How much do you know about physical activities for dogs? Sure, you might know that exercising and staying active keeps your dog in good shape, but did you know that the same benefits apply to all dogs of all ages? In fact, keeping your dog physically active will benefit both of you in ways you probably didn’t even realize were possible. For instance, did you know that regular exercise can help keep your dog from developing certain diseases later in life, like diabetes or heart disease? Well it’s true!
The first physical activity your dog will love is a game of fetch, and you can play with just about any kind of ball, from a plastic Wiffle ball to a tennis ball. Using an actual stick (like one from outside) is also fine; he’ll think it’s pretty cool. Fetch provides hours of entertainment, especially if you can get multiple dogs involved at once.
Dogs love to play, and playing games with your dog is a great way to interact and get your pup moving. Try hide-and-seek: Take turns hiding treats or toys, making sure to throw in an easy find once in a while so he doesn’t lose interest. Since dogs don’t see objects or space as we do, they may not understand that a toy behind them has disappeared from view. They may just think it went to another room.
3) Obstacle Courses
An obstacle course (also called an agility course) is a outdoor activity that can provide your dog with a ton of fun and give you some exercise, too. You might not think of physical activities for dogs as something that two people can do together, but they are a great way to bond with your pet. There are even plenty of smaller dogs who can participate in most obstacle courses because they aren’t as tall or strong enough to climb over larger hurdles.
4) Tug of War
The ancient game of tug-of-war was meant to test a team’s strength and unity, but it’s just as good at testing your bond with your dog. Just make sure you have an even number of participants; you don’t want to injure anyone in between rounds. To begin, assign one end of a rope to each team member. Then simply pull on that rope. Hard! Until there’s a winner.
5) Retrieving Items from Water
It’s natural for dogs to love water, but it can also be dangerous. That’s why most dog owners teach their pets how to fetch things from water. You can train your pet to bring objects you throw into lakes or ponds back to shore by creating a game out of it; with any luck, your dog will pick up on what you want and start retrieving items on his own. Be mindful, though: not all animals respond well to training techniques, so try them at your own risk.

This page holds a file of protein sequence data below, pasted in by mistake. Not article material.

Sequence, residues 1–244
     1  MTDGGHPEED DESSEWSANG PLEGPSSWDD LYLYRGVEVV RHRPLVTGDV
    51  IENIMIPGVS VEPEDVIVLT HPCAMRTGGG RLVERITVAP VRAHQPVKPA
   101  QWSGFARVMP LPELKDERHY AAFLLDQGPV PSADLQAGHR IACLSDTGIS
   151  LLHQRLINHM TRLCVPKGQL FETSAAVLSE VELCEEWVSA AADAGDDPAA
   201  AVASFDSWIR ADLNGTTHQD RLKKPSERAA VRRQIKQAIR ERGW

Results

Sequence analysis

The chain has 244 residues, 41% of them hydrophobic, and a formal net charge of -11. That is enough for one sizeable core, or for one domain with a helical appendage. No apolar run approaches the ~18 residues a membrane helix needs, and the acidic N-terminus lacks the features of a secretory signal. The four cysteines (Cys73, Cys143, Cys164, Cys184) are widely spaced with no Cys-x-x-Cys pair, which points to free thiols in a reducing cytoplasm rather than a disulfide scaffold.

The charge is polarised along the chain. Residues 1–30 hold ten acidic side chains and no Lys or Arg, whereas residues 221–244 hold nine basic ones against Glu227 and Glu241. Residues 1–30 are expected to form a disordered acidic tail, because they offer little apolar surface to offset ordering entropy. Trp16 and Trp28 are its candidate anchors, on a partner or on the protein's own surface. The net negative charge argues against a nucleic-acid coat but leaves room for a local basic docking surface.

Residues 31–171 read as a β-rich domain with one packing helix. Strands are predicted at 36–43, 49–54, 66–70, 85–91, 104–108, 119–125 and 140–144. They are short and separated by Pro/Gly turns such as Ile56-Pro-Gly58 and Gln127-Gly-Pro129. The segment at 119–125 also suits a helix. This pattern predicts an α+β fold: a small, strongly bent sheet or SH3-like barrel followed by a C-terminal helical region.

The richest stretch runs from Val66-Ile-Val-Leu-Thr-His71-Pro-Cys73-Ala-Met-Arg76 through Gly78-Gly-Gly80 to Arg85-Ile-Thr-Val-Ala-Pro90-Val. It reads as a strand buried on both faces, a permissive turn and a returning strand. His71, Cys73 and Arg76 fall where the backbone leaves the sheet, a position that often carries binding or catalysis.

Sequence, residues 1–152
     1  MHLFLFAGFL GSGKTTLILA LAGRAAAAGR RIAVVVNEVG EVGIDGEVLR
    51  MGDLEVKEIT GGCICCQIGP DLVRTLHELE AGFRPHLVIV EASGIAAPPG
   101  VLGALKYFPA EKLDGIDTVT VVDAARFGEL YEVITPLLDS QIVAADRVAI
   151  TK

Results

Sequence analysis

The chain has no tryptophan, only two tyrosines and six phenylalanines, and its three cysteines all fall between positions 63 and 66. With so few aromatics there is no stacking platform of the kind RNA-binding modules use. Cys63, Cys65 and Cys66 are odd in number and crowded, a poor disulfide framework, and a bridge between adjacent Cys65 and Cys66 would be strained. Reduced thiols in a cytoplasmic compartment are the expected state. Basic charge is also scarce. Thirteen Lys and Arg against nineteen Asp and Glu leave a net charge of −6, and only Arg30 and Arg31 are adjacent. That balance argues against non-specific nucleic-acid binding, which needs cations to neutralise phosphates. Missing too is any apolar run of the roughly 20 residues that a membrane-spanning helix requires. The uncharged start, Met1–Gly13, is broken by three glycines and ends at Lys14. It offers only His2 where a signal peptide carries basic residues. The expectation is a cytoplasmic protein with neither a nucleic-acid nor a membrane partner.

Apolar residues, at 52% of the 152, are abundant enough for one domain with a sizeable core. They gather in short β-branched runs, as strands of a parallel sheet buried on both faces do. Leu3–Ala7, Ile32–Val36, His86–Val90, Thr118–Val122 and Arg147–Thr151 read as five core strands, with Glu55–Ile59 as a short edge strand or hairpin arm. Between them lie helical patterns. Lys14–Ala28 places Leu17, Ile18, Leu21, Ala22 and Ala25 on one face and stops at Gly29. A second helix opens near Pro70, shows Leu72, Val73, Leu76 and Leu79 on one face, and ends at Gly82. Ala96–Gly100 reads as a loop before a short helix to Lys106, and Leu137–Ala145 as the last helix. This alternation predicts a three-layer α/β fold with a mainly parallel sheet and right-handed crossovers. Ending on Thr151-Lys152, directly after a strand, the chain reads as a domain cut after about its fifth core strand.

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6) Playing Frisbee
Playing Frisbee is a great physical activity for dogs because it’s fun and allows them to stretch their legs. Dogs love being able to run, but it’s important to keep them on a leash when you’re playing because they can easily forget where they are and start chasing things. Chasing animals or people can be scary, but mostly, it can get your dog into trouble with animal control or lead to an accident if they run out into a busy street.
When it comes to physical activities for dogs, running is one of most natural and fun ways to keep your dog in shape. Not only will it burn calories, but your pup can also build endurance and improve his coordination. In fact, when given enough time to adjust to a new exercise routine, your pooch may even enjoy it more than you do!
8) Climbing Stairs
If you have a dog that’s used to going up and down stairs, make things a little more challenging by putting your pet on a leash (and supervising closely) as you climb some or all of them. This can help get a little exercise into your dog’s day, while strengthening his muscles and bones.
9) Pulling a Sled/Truck
Dogs love to pull things. Since they’re so much smaller than us, they don’t have many options; pulling a sled or truck is one of them. Plus, it gives you a workout while your dog can just hang out in back and enjoy himself.
10) Jumping Rope/Over Bumps
Did you know that you can exercise your dog simply by jumping rope? Start by jumping over flat surfaces or small bumps, and gradually increase to taller bumps until you’re able to jump on top of your dog! Be careful not to hit him in his underbelly; unless he’s very light, he probably won’t enjoy being used as a trampoline.
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